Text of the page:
2021 journal article

Trends in United States Human Footprint Revealed by New Spatial Metrics of Urbanization and Per Capita Land Change


By: J. Vogler n & J. Vukomanovic n

author keywords: housing density; impervious surface; land-use efficiency; per capita land consumption; sustainable development
UN Sustainable Development Goal Categories
11. Sustainable Cities and Communities (Web of Science; OpenAlex)
15. Life on Land (Web of Science)
Source: Web Of Science
Added: December 13, 2021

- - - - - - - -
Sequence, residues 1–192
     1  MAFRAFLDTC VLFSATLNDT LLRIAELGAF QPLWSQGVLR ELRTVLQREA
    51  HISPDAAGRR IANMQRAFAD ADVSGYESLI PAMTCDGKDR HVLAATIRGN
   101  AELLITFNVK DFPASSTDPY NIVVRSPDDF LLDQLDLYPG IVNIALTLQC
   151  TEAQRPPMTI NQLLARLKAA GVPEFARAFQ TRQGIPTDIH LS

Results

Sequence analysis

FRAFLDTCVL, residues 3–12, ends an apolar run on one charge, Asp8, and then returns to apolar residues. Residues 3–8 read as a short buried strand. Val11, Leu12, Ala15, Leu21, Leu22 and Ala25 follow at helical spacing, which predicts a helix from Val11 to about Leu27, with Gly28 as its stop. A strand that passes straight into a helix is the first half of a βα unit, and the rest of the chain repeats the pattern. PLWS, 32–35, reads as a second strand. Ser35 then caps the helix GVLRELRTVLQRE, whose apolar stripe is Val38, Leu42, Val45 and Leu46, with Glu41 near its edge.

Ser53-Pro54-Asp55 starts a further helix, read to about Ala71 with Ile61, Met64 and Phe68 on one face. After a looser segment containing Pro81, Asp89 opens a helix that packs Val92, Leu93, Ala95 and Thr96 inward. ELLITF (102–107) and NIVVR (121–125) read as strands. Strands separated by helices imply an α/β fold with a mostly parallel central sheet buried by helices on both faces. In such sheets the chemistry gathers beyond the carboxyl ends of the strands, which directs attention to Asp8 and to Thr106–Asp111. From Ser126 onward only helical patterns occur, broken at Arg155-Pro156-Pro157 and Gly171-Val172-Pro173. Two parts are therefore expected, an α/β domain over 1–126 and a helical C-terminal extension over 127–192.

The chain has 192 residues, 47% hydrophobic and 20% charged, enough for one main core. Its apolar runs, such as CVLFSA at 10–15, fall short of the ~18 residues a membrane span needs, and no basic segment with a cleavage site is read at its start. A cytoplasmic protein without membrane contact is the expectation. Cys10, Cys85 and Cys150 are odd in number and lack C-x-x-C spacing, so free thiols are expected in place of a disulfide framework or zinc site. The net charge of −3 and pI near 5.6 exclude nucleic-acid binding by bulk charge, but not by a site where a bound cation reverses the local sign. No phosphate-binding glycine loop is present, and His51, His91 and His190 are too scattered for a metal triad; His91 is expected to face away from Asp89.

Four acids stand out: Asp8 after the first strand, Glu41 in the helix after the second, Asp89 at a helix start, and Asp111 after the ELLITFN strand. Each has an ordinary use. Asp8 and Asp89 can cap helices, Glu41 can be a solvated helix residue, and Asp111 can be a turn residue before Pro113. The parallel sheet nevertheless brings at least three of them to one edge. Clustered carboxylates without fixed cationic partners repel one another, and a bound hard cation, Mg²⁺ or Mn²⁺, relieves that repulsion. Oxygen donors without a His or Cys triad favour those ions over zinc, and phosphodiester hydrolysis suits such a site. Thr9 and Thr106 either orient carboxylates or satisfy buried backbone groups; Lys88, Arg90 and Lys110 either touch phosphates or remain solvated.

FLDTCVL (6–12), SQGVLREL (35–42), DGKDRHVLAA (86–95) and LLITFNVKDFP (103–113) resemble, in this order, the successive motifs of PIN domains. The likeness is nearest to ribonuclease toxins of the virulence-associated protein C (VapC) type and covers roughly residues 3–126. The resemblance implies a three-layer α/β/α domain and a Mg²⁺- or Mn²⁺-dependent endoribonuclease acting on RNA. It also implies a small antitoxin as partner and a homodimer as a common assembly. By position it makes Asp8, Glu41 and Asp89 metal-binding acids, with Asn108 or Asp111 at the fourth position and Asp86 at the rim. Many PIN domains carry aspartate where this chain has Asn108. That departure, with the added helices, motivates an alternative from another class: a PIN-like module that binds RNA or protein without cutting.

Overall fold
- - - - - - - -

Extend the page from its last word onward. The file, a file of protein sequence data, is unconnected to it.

Accelerations in population growth and urban expansion are transforming landscapes worldwide and represent a major sustainability challenge. In the United States, land conversion to impervious surfaces has outpaced population increases, yet there are few spatial metrics of urbanization and per capita land change available nationwide for assessing local to regional trends in human footprint. We quantified changes (2000–2010) in housing density, imperviousness, per capita land consumption, and land-use efficiency for block groups of the contiguous U.S. and examined national patterns and variation in these metrics along the urban–rural gradient and by megaregion. Growth in housing (+13.6%) and impervious development (+10.7%) resulted in losses of rural lands, primarily due to exurbanization and suburbanization. Mean per capita consumption increased in all density classes but was over 8.5 times greater in rural lands than in exurban, suburban, and urban areas. Urban and suburban areas had significantly lower mean consumption, yet change was unsustainable in 60% of these areas. Megaregions across the sprawling Sun Belt, spanning from Arizona to North Carolina, grew most unsustainably, especially compared to regions in the Pacific Northwest and Front Range. This work establishes 21st-century benchmarks that decision-makers can use to track local and regional per capita land change and sustainable growth in the U.S.; however, these metrics of the form, extent, rate, and efficiency of urbanization can be applied anywhere concurrent built-up area and population data are available over time. Our web mapping application allows anyone to explore spatial and temporal trends in human footprint and download metrics, and it is designed to be easily updatable with future releases of validated developed land cover, protected areas, and decennial Census data.